Like ARM’s top-line application processors, the new Cortex-R8 can execute instructions out of order. This can be key to success in real-time applications like modems because it enables the processor to continue execution whilst outstanding memory or peripheral device transactions are in flight.
The Cortex-R8 scales in terms of size and capability. Chip designers can optimize it for their application by selecting configurations from one-to-four CPU cores, L1 memory sizes, a choice of bus interfaces, error handling features, and so on. Also, once a chip is running, the software can power cores up and down depending on workload.
The Cortex-R8 takes interrupts into its pipeline as quickly as possible and then services them with code and data stored in a tightly-coupled memory (TCM), thus avoiding the longer and non-deterministic latency cycles you get when fetching interrupt service routines into the cached memory system. Cortex-R8 supports eight times as much TCM than the R7 did, all the way up to 8MB in its quad-core configuration.
Why is the Cortex-R8 is attractive to system on chip designers? Firstly, there is a lot of software already out there, for example modem protocol stacks and drivers going all the way back to 2G, then GPRS, HSPA, etc., followed by first-generation LTE.
All this software and the associated electronic system-level design, simulation and verification tools and know-how represents a huge investment for the modem design teams at our silicon partners, so that investment is maintained by Cortex-R8, offering them scalability and forward compatibility.
By the way, a lot of that ESL design support also comes from ARM, including the Cortex-R8 C-compiler, instruction and data trace and debug, fast models for software development in advance of silicon and cycle-accurate models for ARM’s partners' SoC design, development and verification activities.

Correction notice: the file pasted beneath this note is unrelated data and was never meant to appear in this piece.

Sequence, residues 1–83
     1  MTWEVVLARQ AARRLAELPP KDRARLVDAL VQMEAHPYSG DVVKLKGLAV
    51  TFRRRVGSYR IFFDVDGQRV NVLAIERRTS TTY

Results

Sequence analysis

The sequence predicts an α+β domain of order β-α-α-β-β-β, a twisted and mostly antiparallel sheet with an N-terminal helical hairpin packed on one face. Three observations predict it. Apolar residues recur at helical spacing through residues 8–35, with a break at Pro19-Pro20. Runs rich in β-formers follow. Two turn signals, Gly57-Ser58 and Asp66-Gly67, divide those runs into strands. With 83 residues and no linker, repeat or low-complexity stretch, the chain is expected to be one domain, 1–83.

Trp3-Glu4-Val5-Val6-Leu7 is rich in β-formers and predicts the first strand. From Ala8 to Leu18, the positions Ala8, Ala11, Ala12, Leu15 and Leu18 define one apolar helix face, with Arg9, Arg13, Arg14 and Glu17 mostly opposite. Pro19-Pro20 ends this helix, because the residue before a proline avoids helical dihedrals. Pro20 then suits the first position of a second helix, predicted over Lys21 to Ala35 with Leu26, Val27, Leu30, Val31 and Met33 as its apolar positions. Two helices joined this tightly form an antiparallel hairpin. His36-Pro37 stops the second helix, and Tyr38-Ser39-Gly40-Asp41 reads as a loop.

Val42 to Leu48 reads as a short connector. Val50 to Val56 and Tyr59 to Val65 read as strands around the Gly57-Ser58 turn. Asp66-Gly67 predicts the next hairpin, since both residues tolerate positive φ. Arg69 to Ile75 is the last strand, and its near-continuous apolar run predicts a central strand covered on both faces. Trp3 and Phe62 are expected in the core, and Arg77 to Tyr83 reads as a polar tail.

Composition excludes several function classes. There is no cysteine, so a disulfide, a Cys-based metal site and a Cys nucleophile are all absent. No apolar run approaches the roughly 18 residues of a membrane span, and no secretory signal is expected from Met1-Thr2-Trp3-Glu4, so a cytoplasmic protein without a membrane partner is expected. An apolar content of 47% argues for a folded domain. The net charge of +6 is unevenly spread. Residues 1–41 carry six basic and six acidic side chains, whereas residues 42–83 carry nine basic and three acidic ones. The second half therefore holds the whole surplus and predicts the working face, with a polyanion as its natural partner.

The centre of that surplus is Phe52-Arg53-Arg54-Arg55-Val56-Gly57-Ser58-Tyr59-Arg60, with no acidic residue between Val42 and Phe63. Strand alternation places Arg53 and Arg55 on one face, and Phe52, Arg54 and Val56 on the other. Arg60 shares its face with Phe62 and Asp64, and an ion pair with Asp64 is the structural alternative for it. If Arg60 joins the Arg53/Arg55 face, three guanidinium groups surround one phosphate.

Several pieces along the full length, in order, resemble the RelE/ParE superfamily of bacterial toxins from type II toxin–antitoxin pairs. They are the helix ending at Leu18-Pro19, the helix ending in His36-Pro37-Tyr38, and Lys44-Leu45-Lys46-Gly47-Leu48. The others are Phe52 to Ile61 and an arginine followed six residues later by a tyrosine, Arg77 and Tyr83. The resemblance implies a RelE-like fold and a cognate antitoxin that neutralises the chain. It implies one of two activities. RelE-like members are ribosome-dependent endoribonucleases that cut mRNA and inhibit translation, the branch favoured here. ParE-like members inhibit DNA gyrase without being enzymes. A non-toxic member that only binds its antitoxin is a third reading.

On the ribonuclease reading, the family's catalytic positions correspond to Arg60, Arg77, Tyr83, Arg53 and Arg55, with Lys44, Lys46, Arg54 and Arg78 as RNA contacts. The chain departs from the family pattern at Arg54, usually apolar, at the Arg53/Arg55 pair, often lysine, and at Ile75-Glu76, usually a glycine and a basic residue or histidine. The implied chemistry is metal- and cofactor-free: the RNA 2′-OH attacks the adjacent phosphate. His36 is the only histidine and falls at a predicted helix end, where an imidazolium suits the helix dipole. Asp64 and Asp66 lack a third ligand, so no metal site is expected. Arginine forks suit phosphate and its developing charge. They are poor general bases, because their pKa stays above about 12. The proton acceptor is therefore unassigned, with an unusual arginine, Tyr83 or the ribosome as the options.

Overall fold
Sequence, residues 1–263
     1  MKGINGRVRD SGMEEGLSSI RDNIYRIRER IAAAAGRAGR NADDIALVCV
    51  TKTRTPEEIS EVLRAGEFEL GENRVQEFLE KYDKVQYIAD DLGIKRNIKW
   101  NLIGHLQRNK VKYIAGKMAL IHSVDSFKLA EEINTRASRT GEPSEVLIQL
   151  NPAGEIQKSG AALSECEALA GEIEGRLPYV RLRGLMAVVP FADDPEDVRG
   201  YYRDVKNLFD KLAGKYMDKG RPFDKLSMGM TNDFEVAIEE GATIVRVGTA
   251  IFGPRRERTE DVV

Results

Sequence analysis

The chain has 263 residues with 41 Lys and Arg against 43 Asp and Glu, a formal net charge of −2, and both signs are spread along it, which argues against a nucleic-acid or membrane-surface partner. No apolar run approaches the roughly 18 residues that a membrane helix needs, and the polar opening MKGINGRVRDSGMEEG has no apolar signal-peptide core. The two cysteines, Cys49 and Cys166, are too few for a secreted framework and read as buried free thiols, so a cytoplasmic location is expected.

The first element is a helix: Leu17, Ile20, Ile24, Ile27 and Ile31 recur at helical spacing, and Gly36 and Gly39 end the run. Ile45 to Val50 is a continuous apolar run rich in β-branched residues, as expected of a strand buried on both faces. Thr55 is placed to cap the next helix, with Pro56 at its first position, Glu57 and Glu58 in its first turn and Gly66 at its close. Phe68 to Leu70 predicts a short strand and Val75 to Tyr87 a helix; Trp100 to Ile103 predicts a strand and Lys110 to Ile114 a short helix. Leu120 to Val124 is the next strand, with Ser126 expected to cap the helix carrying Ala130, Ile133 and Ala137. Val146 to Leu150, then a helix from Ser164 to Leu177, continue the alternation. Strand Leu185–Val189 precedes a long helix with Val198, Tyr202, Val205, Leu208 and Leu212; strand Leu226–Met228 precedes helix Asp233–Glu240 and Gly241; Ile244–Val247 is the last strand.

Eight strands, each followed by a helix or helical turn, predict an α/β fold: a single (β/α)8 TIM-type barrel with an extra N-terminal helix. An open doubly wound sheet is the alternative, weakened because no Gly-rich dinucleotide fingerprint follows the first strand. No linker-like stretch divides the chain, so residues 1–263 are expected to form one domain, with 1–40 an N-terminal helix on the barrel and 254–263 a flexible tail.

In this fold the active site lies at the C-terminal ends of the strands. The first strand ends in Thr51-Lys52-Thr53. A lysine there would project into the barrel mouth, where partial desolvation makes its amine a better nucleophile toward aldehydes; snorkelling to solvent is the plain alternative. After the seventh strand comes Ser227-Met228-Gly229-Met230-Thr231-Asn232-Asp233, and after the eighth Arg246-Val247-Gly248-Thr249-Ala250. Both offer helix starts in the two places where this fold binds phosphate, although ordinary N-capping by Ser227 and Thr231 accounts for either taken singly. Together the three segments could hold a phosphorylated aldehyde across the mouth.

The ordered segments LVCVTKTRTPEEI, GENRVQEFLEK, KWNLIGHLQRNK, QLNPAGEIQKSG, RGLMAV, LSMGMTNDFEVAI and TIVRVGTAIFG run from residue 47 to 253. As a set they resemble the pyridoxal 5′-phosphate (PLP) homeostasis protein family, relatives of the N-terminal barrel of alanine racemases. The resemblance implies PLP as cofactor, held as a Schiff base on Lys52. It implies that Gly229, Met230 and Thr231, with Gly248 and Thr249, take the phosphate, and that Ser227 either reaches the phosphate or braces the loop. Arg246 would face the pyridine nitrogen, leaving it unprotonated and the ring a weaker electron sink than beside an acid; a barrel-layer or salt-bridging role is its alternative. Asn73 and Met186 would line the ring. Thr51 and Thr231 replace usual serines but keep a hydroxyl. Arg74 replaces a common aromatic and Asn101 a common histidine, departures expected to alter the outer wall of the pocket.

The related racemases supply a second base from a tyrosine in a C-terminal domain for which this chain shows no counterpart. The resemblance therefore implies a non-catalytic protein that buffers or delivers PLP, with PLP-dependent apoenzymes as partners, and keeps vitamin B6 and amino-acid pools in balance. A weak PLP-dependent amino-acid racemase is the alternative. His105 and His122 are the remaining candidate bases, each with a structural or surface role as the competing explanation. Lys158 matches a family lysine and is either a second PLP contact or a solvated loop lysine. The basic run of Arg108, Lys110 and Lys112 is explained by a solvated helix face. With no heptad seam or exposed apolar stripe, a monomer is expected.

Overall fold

In addition, the complexity of this software has increased dramatically and the rest of the modem hardware is also complex. The Cortex-R8’s quad-core CPU and coherent memory system allows software execution to be parallelized across the four cores and various interfaces into the modem hardware can be used to achieve the best performing and lowest power overall design.
Another characteristic of all the ARM Cortex real-time processors is that they are designed to minimize latency for memory reads and writes using a protected memory system. This is different to the virtual memory system that is needed for a high-level OS like Linux or Android and, for the Cortex-R processors running a real-time operating system, it is key to their ability to start responding to hard real-time events in less than a microsecond.
With four cores to spread the software over, there are more advantages as it’s less likely that silicon implementation techniques like voltage overdrive or very high frequency operation using low threshold transistors will be needed. That of course can save a considerable amount of power.
Testing with silicon partners’ software has already demonstrated that the Cortex-R8’s aggregate multi-core performance up to 28,000 CoreMarks is more than sufficient for the next set of LTE-Advanced Pro and first 5G modem designs.
For more information please visit our Cortex-R technology page.